• Fern Lake Backcountry Campsite (9,530')

  • There's one group site and four individual sites located 5.1 miles and 5.3 miles from Bear Lake Trailhead, respectively. Both are located in a mixed pine forest on the NE and NW sides of Fern Lake, respectively. Each has access to a bear box + privy. Water is available from Fern Lake and its inlet - outlet streams.

Directions to Trailhead

Nymph, Dream and Emerald Lakes is accessed from the Bear Lake Trailhead in Rocky Mountain National Park.

Directions: Bear Lake is located at the end of Bear Lake Road in Rocky Mountain National Park. From Estes Park, take the Beaver Meadows Entrance Station entrance into the park. There is a fee to enter the park through this entrance.

Shortly after passing through the Beaver Meadows fee station, turn left onto Bear Lake Road. Take Bear Lake Road until it dead-ends into the Bear Lake Trailhead area. If parking is unavailable at Bear Lake, it is possible to park at the Glacier Basin area and take a shuttle to Bear Lake.

Contact Information

Rocky Mountain National Park
Visitor Information:

Backcountry Office:

Campground Reservations:

Emergency Dispatch:

Trip Reports

There are no trip reports on this trail.


"I've been on this trail many times in the winter, but never on a weekday - what a difference that makes! So few people and I could really enjoy the quiet, snow-muffled forest. The winter route is pretty packed down so you can get away with just poles or traction, but snowshoes are still ideal especially if you want to explore the lakes a bit more. Snow is melting fast in the lower elevations so hopefully crowds will start to spread out more to other places. "
Kristy Tillerman  -  Denver  -  Date Posted: April 11, 2017
"Ohio resident where home is 1056 Ft. Elevation. 55 yr old. out of shape and overweight. Frequent rests for me up the trail. Emerald lake (10090 Ft elevation) i felt light headed for a few, but that's all. Trail and sights were spectacular. Dream and Emerald lake were very much worth the effort. looking forward to a return trip."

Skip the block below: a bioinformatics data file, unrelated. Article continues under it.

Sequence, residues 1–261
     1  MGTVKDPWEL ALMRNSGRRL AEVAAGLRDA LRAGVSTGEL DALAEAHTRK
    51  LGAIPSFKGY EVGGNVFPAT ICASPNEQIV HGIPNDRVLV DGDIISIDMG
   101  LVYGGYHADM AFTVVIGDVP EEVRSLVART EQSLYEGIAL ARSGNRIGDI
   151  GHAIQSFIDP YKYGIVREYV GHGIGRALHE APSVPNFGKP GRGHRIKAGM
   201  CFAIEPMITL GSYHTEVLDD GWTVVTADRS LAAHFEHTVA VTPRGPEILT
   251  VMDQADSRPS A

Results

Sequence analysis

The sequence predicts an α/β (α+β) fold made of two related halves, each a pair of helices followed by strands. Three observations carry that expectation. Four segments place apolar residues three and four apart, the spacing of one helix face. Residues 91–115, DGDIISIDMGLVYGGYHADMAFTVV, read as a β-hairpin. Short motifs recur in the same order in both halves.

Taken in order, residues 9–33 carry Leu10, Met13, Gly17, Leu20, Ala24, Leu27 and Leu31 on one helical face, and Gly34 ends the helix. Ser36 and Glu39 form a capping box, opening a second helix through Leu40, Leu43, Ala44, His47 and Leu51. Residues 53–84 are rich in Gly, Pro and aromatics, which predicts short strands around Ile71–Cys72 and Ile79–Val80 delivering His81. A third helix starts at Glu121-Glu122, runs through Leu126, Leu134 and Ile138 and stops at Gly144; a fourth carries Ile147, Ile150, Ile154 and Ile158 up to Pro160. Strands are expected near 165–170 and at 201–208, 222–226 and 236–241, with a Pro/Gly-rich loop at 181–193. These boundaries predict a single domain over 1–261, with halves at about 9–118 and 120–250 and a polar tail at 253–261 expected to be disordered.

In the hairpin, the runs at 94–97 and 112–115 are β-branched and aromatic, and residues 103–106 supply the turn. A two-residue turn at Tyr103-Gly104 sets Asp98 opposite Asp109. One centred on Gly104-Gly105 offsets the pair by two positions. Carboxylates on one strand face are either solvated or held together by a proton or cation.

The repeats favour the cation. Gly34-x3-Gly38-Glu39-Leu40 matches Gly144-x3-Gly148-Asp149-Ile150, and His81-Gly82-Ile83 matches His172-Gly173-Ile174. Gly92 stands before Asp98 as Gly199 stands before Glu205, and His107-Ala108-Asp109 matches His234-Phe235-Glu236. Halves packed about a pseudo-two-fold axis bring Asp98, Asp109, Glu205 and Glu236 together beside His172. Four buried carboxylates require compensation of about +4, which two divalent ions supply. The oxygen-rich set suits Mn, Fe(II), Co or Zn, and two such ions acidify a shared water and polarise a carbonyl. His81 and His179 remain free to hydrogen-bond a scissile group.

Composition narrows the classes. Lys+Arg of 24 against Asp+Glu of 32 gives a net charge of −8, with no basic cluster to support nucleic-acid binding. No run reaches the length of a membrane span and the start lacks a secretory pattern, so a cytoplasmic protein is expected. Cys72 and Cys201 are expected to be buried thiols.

ronald  -  Bear, Nymph, Dream, Emerald  -  Date Posted: August 31, 2016
"One of our favorite winter hikes we've ever done. See our photos here... trailsunblazed.com/?p=1621"
Trails Unblazed  -  Massachusetts  -  Date Posted: April 13, 2016
"Went here the Monday after Broncos won the 2016 Super Bowl. It had snowed the week before, so a good amount of snow on the trail and even some on the road getting there. We dressed lightly with just snow boots and trekking poles (no snow shoes). Trail had a good amount of snow and all lakes were frozen solid. We had no problem navigating with our gear, got very windy and bitterly cold at some points, but the elevation and hike itself is super easy. I'd say I'm semi-regular hiker and my husband does AT section hikes regularly. Definitely hit all the lakes -- it's not that much hiking."
Megan Jenkins  -  Lynchburg, VA  -  Date Posted: March 1, 2016
"Packed snow trail; no need for snowshoes but treckers or crampons are a must along with treking poles. All lakes are still covered in snow/ice."
Rob Buettner  -  Fort Collins  -  Date Posted: April 11, 2015
"Got there in the mid morning when it was already crowded despite the rain. Was turned off by the asphalt trail for the first section but was a good first-day-there hike."
TH  -  Omaha  -  Date Posted: September 28, 2014
"Made it up to the emerald lake overview before the last bus left bear lake...what's the elevation of the overlook?"
Robert Uhoda  -  Cleveland, Ohio  -  Date Posted: September 3, 2014
"This was my first "real" hike, great time! I recommend it to anyone who visits Rocky Mountain National Park. "
bradrcole  -   -  Date Posted: August 20, 2014